[Edited by Elizabeth Mossop and Paul Walton. Craftsman House, 2001. $39.95
Edited by Elizabeth Mossop and Paul Walton. Craftsman House, 2001. $39.95
This book discusses the role of design and art in city spaces through a collection of general essays and project descriptions.
Reviewing it, I was struck by the relationship between general urban intention and site specificity. The introductory essays articulate the urban paradigms that undoubtedly affect Sydney – cyberspace, events, multiculturalism, and so on – however, few of the essays or art works that follow evoke the sense of Sydney as a dysfunctional, glorious place. Rather, they seem intent on that other peculiarly Sydney obsession: aspiration. Here the Olympics are about developing an indicative newness and remediation and public art seems to be about remembering and restoring an absent indigenous past at the expense of present cultural issues.
Only Rollin Schlicht’s essay captures, for me, the exciting hybridity that characterizes Sydney: the excesses of glitzy commercialism and distorted grids over eroded sandstone; the archaeology of imprecise colonialism. He also notes that “it is difficult to think of a single harmonious juxtaposition between art and architecture [in Sydney]”. This may explain why the rest of the book avoids urban spaces in favour of community art projects in parks. This said, the thorough discussion of Janet Lawrence and Fiona Foley’s Edge of Trees refutes this position (except insofar as its specific virtues has caused a fascination with poles to develop as a line-of-leastresistance approach to art in landscape as designers attempt to make typologies from site specific art responses).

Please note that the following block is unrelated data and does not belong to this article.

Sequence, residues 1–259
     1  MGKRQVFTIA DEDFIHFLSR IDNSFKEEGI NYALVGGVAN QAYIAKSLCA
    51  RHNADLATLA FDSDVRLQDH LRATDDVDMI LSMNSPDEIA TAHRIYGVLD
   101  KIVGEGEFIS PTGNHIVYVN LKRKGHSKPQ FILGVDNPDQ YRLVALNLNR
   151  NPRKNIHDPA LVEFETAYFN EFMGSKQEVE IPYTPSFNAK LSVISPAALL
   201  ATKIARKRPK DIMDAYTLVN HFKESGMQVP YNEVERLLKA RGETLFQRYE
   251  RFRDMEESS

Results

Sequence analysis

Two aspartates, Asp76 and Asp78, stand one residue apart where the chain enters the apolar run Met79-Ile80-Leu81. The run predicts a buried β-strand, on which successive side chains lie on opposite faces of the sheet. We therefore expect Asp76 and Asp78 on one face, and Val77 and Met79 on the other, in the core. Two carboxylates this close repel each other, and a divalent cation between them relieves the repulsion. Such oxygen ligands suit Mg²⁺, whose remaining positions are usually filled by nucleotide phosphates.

In contrast, Richard Goodwin’s essay, “Exoskeleton”, characterizes scenarios that could be by Italo Calvino about Sydney. Anne Graham’s work emphasizes an ephemeral existence, where to be a Sydneysider is a engage in a certain mode of geographic experience. This gets close to crossing the culture/nature divide, as one must do to engage with Sydney’s particular qualities.
The effect of designers presenting such an overview of art projects in public emphasizes the democratization of taste.
That is, judgement about quality is deferred in favour of general discussions that suggest more quantitative provision – in policy terms.
Yet one must be suspicious about any per square metre provision of public expression and its ability to openly and honestly speak for and to the public. Perhaps this is why Graham and Goodwin see Sydney as being about illicit, interstitial occupation. As the introduction notes, in another particularly Sydney apologia, “the emphasis has been placed on real rather than hypothetical or self-generated works in order to stress their achievability”. “Art and design” may have happened in the public realm, but the question we are left with is, was the work actually any good?
DESIGNING AUSTRALIA: READINGS IN THE HISTORY OF DESIGN